When my husband suggested Japan as our next vacation destination, I was a bit confused. I wasn’t opposed to the location, I just wasn’t positive it would satisfy all my travel needs. After extensive research (we take our travel seriously), I was sold. Japan has so much to offer! We spent nearly two weeks roaming the country & we could have easily enjoyed at least twice that.
Japan tourism is booming right now & they have a few amenities that make it especially tourist friendly. But there are other aspects to Japan that can be a little tricky. Even with months to prepare & plenty of travel experience we had to make some unexpected adaptations. The lessons we learned along the way proved invaluable to our successful navigation of Japan. Once we had these new tools tucked in to our travel tool belt our trip became so much easier & enjoyable.
If you’re planning to visit Japan sooner or later give this Japan travel tips list a look over & take some notes. It will save time, money, & sanity when you finally make your own Japan journey.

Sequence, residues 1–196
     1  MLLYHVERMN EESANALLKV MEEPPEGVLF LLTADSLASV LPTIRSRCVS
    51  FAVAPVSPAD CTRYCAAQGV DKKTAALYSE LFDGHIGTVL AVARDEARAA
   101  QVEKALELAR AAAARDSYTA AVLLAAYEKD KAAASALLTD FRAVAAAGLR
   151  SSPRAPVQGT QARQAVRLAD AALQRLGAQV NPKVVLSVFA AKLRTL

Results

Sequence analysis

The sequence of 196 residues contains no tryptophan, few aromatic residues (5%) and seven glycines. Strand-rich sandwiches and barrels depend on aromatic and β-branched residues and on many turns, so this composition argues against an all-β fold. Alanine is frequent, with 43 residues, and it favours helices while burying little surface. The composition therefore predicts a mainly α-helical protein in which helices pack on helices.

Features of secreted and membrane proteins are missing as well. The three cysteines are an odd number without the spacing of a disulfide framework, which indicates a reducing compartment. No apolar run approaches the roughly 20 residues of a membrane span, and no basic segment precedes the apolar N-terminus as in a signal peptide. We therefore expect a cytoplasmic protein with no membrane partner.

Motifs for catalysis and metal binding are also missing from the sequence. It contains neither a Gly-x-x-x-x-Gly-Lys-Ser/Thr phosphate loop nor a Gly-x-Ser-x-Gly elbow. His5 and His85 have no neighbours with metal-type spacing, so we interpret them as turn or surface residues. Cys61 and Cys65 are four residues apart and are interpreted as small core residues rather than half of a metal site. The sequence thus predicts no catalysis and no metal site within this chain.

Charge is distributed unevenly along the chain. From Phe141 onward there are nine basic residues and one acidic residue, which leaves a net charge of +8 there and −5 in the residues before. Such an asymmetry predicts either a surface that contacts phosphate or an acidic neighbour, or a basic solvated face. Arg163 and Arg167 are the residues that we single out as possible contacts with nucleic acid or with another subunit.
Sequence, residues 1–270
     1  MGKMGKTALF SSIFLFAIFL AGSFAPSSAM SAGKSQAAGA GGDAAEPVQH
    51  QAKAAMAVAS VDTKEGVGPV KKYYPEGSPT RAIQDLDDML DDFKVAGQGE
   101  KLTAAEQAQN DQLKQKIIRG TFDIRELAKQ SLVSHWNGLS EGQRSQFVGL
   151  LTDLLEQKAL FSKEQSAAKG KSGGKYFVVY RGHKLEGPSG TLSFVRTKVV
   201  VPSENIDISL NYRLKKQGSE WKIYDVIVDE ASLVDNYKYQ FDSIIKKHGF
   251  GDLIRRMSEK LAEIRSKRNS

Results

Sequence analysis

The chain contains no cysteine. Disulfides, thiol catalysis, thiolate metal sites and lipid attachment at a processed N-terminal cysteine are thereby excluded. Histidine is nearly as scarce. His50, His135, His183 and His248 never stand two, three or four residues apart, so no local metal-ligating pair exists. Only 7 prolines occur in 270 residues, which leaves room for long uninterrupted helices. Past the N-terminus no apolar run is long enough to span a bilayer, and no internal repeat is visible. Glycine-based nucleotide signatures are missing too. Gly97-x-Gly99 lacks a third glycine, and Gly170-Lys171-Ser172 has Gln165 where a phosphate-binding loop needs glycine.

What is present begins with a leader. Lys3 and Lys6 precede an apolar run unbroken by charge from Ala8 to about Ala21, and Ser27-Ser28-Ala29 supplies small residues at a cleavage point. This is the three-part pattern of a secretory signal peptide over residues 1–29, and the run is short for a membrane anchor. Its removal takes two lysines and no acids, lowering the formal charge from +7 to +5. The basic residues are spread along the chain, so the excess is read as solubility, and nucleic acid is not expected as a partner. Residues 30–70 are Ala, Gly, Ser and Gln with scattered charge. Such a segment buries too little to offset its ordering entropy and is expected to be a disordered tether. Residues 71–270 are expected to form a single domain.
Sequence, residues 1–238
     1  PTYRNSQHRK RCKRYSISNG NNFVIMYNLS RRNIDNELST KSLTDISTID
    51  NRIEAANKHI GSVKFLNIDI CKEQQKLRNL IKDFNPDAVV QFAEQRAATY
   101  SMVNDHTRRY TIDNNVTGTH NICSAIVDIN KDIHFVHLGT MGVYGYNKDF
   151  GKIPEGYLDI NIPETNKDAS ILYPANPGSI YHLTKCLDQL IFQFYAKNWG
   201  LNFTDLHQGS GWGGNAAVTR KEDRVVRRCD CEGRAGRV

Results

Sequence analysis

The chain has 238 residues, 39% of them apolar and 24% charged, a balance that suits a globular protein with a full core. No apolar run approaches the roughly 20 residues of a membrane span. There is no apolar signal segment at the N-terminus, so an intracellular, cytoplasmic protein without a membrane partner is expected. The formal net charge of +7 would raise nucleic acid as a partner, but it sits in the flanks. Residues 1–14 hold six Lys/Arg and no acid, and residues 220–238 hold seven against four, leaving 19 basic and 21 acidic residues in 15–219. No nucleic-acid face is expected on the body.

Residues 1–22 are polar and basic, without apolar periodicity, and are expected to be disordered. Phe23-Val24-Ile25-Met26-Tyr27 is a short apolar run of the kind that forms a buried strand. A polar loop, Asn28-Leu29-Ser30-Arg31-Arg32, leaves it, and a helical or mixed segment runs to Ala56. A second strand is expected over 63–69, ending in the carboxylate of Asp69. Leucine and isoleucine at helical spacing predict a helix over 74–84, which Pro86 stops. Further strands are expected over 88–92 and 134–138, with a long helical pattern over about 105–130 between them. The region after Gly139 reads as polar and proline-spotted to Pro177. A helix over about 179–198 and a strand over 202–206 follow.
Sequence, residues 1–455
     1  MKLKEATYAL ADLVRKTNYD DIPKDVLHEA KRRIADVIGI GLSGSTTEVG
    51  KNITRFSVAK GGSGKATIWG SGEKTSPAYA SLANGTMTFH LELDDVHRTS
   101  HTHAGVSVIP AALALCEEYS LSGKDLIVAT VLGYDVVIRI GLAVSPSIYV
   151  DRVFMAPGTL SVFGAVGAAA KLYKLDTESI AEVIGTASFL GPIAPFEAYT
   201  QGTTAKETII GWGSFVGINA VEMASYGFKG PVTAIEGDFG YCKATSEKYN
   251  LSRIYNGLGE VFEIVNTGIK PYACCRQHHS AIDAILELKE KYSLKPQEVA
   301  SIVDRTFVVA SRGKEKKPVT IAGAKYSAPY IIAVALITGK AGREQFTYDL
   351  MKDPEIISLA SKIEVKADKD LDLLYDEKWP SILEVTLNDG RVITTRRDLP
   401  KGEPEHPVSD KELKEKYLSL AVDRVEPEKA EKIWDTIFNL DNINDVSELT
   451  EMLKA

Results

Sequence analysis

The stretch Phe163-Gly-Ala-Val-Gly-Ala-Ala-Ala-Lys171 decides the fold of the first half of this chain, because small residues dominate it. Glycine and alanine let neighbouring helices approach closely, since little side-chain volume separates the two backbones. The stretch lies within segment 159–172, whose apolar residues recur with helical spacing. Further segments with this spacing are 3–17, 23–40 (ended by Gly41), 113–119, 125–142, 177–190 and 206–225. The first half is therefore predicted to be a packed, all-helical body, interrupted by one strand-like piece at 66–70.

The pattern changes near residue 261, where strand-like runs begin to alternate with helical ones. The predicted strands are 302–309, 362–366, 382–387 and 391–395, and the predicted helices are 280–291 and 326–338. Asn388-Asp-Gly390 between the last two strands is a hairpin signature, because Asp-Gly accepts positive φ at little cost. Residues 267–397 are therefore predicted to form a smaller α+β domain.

Japan Travel Tips
1. Invest in public transportation passes:
First & foremost, Japan has an incredible public transportation system. There is a bus, train, subway, or bullet train that can get you anywhere you need to go. But those seemingly small individual ticket prices quickly add up when you are hitting multiple destination in a day. Most major cities offer unlimited day or 3 day passes to help ease the investment cost. And if your Japan travel plans involve transitioning to different cities the JR pass is a must.
2. Study the rail maps ahead of time: